After last week’s really great “discussion” about Apple, I have decided to turn back to a more technical topic for tonight’s post. Email signatures… we all know that people try their hardest to make their personal signature as creative and zingy as possible. Don’t believe me, just look at some examples on this posting: http://www.sitepoint.com/blogs/2009/09/18/personalities-of-poor-email-signatures/
Unfortunately, in a corporate environment the powers that be tend to like standardization in how their employees represent the “brand”. After all, a good email signature can help a business be perceived as more professional and can also double as free advertising. Therefore, do not be surprised if someone from above comes to you, the person in the trenches, and asks if you can force everyone in the organization to have the same standardized signature. However, have no fear, like disclaimers the ability to force a standardized signature via a transport rule was first introduced in Exchange Server 2007 and made easier in Exchange Server 2010.
The first step to enforcing a signature is to design the layout for how the signature should look. After all, isn’t the whole point of this exercise to make something that looks nice? Luckily, if you want, you can use HTML to define the signature layout. Furthermore, you can also use information from Active Directory attributes to make up the signature information. Therefore, provided that you took the time to standardize your Active Directory user data, you can make the signatures dynamic and relevant to each user’s current location, name, phone number, etc. For example:
<div style="font-size:9pt; font-family: ''Calibri'',sans-serif;">
%%city%%, %%state%% %%zipcode%%</br>
<div><img alt="companyabc.com" src="http://companyabc.com/logo.png"></div>
Seems pretty simple… my only suggestion from a design perspective would be as follows:
- Try to keep your signatures as short as possible while still providing all of the relevant information.
- If possible skip the HTML and graphics and just use plain text. Otherwise, your signature might not display correctly depending on the email application the recipient is using (iPhone, Blackberry, non-Windows machines, etc.).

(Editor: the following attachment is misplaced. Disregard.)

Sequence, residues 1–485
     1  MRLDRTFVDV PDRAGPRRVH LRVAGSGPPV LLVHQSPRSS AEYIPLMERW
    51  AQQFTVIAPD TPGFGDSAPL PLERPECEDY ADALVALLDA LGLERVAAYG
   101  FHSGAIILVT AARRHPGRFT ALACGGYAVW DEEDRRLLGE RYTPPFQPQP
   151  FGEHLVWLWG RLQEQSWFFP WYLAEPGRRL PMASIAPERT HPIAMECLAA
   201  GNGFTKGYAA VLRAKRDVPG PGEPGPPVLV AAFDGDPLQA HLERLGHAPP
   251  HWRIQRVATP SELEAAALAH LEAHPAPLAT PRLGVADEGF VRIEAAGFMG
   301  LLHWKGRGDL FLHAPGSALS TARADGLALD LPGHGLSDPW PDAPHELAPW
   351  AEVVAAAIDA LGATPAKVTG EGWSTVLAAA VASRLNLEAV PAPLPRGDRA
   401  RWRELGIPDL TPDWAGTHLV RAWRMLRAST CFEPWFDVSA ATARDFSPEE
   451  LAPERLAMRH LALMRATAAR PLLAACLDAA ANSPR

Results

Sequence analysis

- Use some sort of delimiter (==) to help set your signature apart from the rest of the email message.
- Do not overload your signatures with too many contact references. Instead, only use your primary contact preferences and drop the rest.
- Do not include quotes as they might offend some people or project the wrong message about your organization.
Lastly, there really isn’t any reason to include virus scanning status information.
Once you have the signature designed, the next step is to create the transport rule that will apply the “enforced” signature. To do this, use the New-TransportRule cmdlet. For example:
New-TransportRule -Name 'StandardSignature' -Enabled $true -Comments 'Standard Corporate Signature' -FromMemberOf 'Email Users' -ApplyHtmlDisclaimerLocation 'Append' -ApplyHtmlDisclaimerText '<div style="font-size:9pt; font-family: ''Calibri'',sans-serif;">========================================================</br>%%displayname%%</br>%%title%%</br>%%company%%</br>%%street%%</br>%%city%%, %%state%% %%zipcode%%</br><div><img alt="companyabc.com" src="http://companyabc.com/logo.png"></div>========================================================</div>' -ApplyHtmlDisclaimerFallbackAction Wrap -Priority '0'
Once executed, a new transport rule is created that appends an HTML based “disclaimer/signature” to all emails that are sent from users in the “Email Users” group (a group supposedly populated with living email users vs. mail enabled service accounts). However, I could have also used the FromScope parameter defined as InOrganization. This would have applied the “disclaimer/signature” to all emails coming from mail enabled accounts within the organization. But, for this example, I choose to limit the scope.
In addition, you will notice that I’m using variables such as %%company%% or %%zipcode%%. These are actually called transport rule predicates. The predicates that are being used refer to attributes in Active Directory. For a list of supported predicates please use the following URL: http://technet.microsoft.com/en-us/library/dd638183.aspx#PropertyTypes
Well… that’s it, hopefully you find this helpful.
If you like this, check out some other posts from Tyson:
- Using social networks to establish a publicly verifiable level of trust…
- Which browser is more secure IE8, Safari 4, Firefox 3.5, Chrome 4, or Opera 10?
- When a computer science degree matters, and when it doesn't
- Since when did cloud computing become/need a manifesto?
- Why would one phish using a Certificate Authority (CA) as bait?
- Would I trust you, if everyone else trusted you?
- Here is a good question: Is scripting programming or just systems administration?
- Fun with PowerShell 2.0 Eventing!
- Creating a custom 404 page to handle link redirection for ASP.NET web applications
Or if you want, you can also check out some of Tyson's latest publications:
- Windows PowerShell Unleashed (2ndEdition)
- Windows Server 2008 Unleashed (Yes, I did help on this book)